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What Does a Social Services Specialist Do?

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  • Written By: G. Wiesen
  • Edited By: Heather Bailey
  • Last Modified Date: 04 April 2014
  • Copyright Protected:
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    Conjecture Corporation
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The duties of a social services specialist can vary quite a bit, depending on where the specialist works and the types of tasks that are expected of him or her. In general, however, this specialist usually works with people in need of assistance from a government human services department. These departments in the US are typically established at a state level, so different states can have a variety of tasks that are completed by these professionals. Common responsibilities across states for a social services specialist include interviewing new applicants for social services, ensuring care is being provided sufficiently, and following up on cases of existing clients.

A social services specialist is typically someone who works for a social services department within a government agency. In the US, for example, many states have departments of human services, or similar names, which provide assistance to people who are abused, impoverished, or otherwise unable to care for themselves. A social services specialist is usually responsible for interviewing new candidates for social services. If someone is in need of government assistance to pay for food, for example, then a specialist might interview him or her and gather information about income to determine if that person qualifies for assistance.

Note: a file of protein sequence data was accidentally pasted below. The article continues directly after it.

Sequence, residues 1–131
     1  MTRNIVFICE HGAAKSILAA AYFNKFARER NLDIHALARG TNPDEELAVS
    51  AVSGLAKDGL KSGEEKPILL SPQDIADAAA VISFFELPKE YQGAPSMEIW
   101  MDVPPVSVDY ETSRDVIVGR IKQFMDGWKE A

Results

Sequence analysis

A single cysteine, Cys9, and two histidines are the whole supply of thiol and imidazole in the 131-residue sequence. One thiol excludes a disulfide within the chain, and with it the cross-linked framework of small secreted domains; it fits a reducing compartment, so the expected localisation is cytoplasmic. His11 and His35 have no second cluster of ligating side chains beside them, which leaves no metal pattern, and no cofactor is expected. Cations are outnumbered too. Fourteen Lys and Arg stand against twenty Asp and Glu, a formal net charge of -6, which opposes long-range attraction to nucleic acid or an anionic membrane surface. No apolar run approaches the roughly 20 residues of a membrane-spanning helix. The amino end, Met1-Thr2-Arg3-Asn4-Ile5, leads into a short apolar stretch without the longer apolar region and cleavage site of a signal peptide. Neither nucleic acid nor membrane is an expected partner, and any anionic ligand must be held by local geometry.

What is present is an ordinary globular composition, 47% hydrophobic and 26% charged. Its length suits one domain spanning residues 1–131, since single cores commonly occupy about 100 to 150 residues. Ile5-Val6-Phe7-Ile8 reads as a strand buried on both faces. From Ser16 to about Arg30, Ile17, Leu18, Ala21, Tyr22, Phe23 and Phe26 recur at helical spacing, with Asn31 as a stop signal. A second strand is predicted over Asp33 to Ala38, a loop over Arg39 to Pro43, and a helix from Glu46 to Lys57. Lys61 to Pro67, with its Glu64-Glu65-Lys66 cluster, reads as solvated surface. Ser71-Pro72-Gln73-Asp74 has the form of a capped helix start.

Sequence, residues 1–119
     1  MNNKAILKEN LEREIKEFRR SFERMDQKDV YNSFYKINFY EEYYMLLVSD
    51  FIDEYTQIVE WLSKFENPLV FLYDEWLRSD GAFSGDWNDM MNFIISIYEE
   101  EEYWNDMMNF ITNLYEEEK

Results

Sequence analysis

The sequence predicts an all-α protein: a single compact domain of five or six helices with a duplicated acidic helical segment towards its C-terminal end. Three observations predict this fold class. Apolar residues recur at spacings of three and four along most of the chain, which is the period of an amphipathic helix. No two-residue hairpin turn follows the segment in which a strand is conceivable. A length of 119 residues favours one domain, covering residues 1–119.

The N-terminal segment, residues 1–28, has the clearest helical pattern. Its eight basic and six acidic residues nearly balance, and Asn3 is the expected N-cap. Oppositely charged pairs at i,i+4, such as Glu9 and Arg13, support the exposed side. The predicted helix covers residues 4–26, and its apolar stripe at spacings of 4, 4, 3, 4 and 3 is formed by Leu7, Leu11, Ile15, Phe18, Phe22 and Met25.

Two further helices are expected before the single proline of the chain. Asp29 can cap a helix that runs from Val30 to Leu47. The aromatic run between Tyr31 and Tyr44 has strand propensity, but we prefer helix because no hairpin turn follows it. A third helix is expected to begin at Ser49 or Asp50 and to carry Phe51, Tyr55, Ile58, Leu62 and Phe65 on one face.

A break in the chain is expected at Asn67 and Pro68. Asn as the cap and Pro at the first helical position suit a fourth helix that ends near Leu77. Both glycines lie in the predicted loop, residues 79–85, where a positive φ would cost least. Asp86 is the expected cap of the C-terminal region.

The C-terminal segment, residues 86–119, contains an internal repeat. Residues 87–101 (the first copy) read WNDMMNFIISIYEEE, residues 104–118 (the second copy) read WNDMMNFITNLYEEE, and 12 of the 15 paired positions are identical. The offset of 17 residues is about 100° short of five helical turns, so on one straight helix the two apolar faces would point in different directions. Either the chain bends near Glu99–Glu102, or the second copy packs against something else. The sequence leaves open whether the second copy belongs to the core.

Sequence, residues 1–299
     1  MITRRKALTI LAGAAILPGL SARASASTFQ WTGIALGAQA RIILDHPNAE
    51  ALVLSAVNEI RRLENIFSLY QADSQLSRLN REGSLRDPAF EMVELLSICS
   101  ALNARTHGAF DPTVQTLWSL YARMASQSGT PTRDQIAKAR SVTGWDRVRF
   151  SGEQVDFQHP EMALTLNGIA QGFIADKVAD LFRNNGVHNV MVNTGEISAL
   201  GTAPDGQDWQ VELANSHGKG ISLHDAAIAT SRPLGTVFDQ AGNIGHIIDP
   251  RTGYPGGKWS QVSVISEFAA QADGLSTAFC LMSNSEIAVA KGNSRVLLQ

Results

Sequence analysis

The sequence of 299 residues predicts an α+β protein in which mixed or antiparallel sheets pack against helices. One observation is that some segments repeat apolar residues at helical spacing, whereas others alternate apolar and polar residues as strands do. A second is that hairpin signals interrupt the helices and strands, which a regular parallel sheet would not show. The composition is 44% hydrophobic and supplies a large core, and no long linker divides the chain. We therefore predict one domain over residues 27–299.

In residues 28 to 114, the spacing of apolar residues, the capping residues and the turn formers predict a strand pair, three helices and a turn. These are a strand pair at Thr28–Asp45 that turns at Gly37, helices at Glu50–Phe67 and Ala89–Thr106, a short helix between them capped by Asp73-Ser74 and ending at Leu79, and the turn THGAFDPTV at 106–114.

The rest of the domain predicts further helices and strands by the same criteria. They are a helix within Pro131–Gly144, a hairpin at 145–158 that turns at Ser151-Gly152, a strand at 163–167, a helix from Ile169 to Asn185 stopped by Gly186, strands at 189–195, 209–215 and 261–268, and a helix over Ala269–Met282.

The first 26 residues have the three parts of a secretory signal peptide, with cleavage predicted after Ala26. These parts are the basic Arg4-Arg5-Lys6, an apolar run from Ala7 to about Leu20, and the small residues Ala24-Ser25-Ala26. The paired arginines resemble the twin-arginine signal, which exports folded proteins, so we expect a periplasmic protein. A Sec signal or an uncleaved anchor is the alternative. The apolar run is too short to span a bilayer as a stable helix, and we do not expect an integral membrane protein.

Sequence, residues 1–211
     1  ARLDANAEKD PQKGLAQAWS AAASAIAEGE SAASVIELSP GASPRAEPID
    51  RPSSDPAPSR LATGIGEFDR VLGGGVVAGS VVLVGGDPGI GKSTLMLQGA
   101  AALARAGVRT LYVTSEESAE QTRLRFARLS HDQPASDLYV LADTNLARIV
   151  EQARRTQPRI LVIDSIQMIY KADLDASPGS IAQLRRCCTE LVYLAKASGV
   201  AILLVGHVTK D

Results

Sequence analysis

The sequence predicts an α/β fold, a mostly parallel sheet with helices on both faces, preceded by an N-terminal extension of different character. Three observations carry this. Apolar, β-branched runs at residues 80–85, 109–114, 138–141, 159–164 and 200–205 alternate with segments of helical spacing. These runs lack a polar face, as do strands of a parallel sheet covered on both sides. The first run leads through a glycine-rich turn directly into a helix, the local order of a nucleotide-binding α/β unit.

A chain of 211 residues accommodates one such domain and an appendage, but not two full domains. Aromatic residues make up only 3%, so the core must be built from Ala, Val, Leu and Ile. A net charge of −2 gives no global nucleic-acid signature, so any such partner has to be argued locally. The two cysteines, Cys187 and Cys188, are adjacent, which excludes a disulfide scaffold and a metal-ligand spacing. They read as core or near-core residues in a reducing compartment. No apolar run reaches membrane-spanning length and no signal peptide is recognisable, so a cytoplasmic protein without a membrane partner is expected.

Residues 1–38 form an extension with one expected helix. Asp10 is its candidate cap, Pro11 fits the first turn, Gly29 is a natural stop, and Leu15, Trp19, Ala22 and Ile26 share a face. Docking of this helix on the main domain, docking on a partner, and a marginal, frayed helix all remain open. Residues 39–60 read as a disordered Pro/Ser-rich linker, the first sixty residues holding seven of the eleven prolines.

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Once assistance is provided by the government, then a social services specialist typically tracks and follows development for various cases or clients. If someone receives help that is contingent upon certain terms, then the specialist determines if those terms are being met and if assistance should continue. People who need help due to an abusive environment, such as children removed from an abusive household and placed in foster care, are closely tracked by a social services specialist to ensure the proper care is being provided. When reports are made of abusive situations, then these specialists typically investigate these allegations and act according to legal obligations and requirements.

In some areas, a social services specialist may even train others in proper behavior and living conditions. A specialist, for example, might be responsible for training potential foster parents or caregivers to ensure they understand safe and healthy practices for child rearing. Government-sponsored organizations or facilities that receive government funding may need to pass inspections from specialists on a regular basis to continue receiving such funding. A social services specialist may also be responsible for following up on cases after the fact, often on a yearly basis, to ensure that people continue to receive care when necessary to help with ongoing, healthy development.

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